Production of artificial fingermarks. Part II – The use of a modified inkjet printer for the deposition of synthetic secretions
|Steiner, R., Moret, S. and Roux, C.
This study is the second part of a larger body of research dedicated to the production of synthetic secretions and the use of an inkjet printer to deposit realistic artificial fingermarks. An artificial emulsion combining eccrine and sebaceous compounds, which was described and tested in the first part of this research, was used as it showed a promising compatibility with common detection techniques. An inkjet printer was modified to print the emulsion on two different substrates: paper (porous) and acetate (non-porous). After optimisation of the printing parameters, multiple fingermarks were printed and processed with a range of standalone detection techniques: 1,2-indanedione-zinc, ninhydrin, Oil Red O, and physical developer on paper, and cyanoacrylate fuming, rhodamine 6G, gold/zinc vacuum metal deposition, and silver black powder on acetate. The detection techniques were also applied in sequence, which is considered one of the biggest advantages of the emulsion over simpler amino acid mixtures that are usable with amino acid reagents only. Natural fingermarks deposited by a single donor were processed with the same techniques for comparison. The effect of water immersion was also investigated, where fingermarks printed on paper were immersed in water for 15 min, before being processed with 1,2-indanedione-zinc and Oil Red O. The results showed that realistic-looking fingermarks could be printed on paper and that printing on acetate was also possible albeit of lower quality due to the nature of the substrate. The artificial fingermarks were successfully enhanced by all the detection techniques tested, at the notable exception of physical developer. The results obtained were very similar to what is generally observed with real fingermarks, and it was observed that the impact of water immersion on the artificial fingermarks was comparable as well. These findings open new perspectives for the development of multi-target quality control test strips or for the standardisation of proficiency testing and interlaboratory collaborative exercises where ground truth is crucial to guarantee comparable results and objective assessment.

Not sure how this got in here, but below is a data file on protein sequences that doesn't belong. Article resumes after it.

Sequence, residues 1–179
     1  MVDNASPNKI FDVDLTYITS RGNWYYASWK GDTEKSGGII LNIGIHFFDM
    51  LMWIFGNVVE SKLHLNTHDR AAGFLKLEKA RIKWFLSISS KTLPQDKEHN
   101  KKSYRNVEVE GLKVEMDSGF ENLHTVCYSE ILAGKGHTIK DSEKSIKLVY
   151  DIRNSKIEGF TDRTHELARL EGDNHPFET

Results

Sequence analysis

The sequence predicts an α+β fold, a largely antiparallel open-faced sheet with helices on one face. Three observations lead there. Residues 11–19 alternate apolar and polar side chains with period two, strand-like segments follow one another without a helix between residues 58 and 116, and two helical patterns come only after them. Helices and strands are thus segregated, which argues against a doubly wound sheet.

|Detection; Simulant; Quality control; Standardisation; Residue; Printing; Emulsion
|Forensic Science International
|350, pp. 1-11
|Digital Object Identifier (DOI)
|Web address (URL)
|29 Jul 2023
|Publication process dates
|27 Oct 2023
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